Building roads to save Yosemite toads

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Building roads to save Yosemite toads

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October 8, 2020 - Each spring deep in the Sierra Nevada, Yosemite toads roam the alpine meadows in search of a mate. Biologists have been tracking the movements of these toads, and have noted that they travel surprisingly long distances for such small creatures. From breeding habitat to overwintering habitat, they journey nearly a mile, and in some places, the toads must cross busy highways to reach important habitat.

In Mono County, Highway 108 goes right through Upper Sardine Meadow, a breeding area for one of the largest known populations of Yosemite toads on the Humboldt-Toiyabe National Forest. The road literally splits the toad breeding habitat in half,” said Chad Mellison, fish and wildlife biologist for the U.S. Fish and Wildlife Service Reno Fish and Wildlife Office.

Once abundant, studies show that this toad has experienced a range-wide decline in habitat occupancy of about 50%. Yosemite toads are found only in California within a 150-mile span in the Sierra Nevada from Alpine County in the north to Fresno County in the south, and mainly on public land.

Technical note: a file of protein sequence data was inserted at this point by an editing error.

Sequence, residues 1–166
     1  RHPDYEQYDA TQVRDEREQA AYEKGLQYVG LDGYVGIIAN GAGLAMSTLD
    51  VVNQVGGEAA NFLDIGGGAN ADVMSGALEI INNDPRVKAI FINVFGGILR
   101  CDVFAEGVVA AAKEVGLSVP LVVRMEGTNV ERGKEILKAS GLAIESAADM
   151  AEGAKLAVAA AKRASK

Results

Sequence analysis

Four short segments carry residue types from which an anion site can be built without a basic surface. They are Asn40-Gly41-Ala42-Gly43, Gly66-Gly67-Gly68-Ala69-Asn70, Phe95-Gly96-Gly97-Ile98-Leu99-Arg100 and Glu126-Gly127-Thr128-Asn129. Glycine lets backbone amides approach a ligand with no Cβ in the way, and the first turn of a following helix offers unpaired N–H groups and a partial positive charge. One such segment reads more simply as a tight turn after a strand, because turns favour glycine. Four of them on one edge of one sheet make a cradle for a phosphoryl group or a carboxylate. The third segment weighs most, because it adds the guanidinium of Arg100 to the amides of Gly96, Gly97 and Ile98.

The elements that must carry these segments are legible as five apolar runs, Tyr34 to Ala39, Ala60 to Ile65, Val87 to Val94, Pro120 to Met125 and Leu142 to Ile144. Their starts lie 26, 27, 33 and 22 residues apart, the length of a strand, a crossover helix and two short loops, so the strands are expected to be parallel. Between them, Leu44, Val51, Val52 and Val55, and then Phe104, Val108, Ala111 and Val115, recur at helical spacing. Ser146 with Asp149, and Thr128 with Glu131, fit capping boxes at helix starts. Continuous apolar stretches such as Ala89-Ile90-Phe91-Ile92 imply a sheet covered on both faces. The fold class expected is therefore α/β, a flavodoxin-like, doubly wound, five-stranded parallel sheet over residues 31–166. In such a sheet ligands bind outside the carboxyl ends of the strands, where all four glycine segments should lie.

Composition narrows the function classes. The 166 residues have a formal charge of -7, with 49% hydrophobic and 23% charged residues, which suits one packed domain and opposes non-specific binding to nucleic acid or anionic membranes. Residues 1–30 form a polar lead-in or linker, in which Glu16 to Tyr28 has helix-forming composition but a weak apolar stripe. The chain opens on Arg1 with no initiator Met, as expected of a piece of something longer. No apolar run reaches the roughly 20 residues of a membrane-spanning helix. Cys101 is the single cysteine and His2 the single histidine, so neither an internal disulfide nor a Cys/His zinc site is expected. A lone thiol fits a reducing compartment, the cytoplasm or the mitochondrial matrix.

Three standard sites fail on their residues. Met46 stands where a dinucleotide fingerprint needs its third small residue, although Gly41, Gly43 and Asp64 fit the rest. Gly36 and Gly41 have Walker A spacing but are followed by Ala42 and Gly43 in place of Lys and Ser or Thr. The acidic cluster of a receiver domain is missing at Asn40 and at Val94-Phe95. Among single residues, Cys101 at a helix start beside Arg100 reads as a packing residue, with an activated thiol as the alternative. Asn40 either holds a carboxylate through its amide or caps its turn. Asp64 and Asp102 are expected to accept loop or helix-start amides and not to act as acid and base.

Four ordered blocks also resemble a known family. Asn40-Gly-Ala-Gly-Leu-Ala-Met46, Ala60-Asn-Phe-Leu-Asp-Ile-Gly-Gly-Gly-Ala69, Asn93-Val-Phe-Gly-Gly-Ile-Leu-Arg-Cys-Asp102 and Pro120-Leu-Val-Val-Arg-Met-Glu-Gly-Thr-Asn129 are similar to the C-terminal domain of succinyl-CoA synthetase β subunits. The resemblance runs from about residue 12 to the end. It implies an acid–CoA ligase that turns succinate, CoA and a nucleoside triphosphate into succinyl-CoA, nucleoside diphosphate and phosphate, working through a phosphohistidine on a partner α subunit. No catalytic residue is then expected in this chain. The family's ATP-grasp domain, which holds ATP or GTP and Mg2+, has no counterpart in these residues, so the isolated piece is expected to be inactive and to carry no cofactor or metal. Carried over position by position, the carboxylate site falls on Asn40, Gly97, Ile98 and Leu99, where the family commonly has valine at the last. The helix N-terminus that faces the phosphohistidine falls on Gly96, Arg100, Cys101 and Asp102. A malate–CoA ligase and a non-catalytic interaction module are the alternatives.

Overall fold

Recognizing the decline of this California native and citing threats like habitat loss, changing climate patterns and chytrid fungus, the Service listed the Yosemite toad as threatened under the Endangered Species Act in 2014.

Shortly after it was listed, Rachel Van Horne, aquatic biologist with the Humboldt-Toiyabe National Forest, began surveying the toads to track population dynamics along route 108.

“We began our mark and recapture surveys during the breeding season in 2016. Immediately we noticed a lot of amphibian carnage along the road in Upper Sardine Meadow. Every day that we went up to survey, we saw fresh carcasses on the road,” said Van Horne.

Toads and toadlets (baby toads) cross the road during breeding season and to overwinter in upland habitat. Van Horne says the toads have been trying to use an existing underground drainage culvert to cross the road.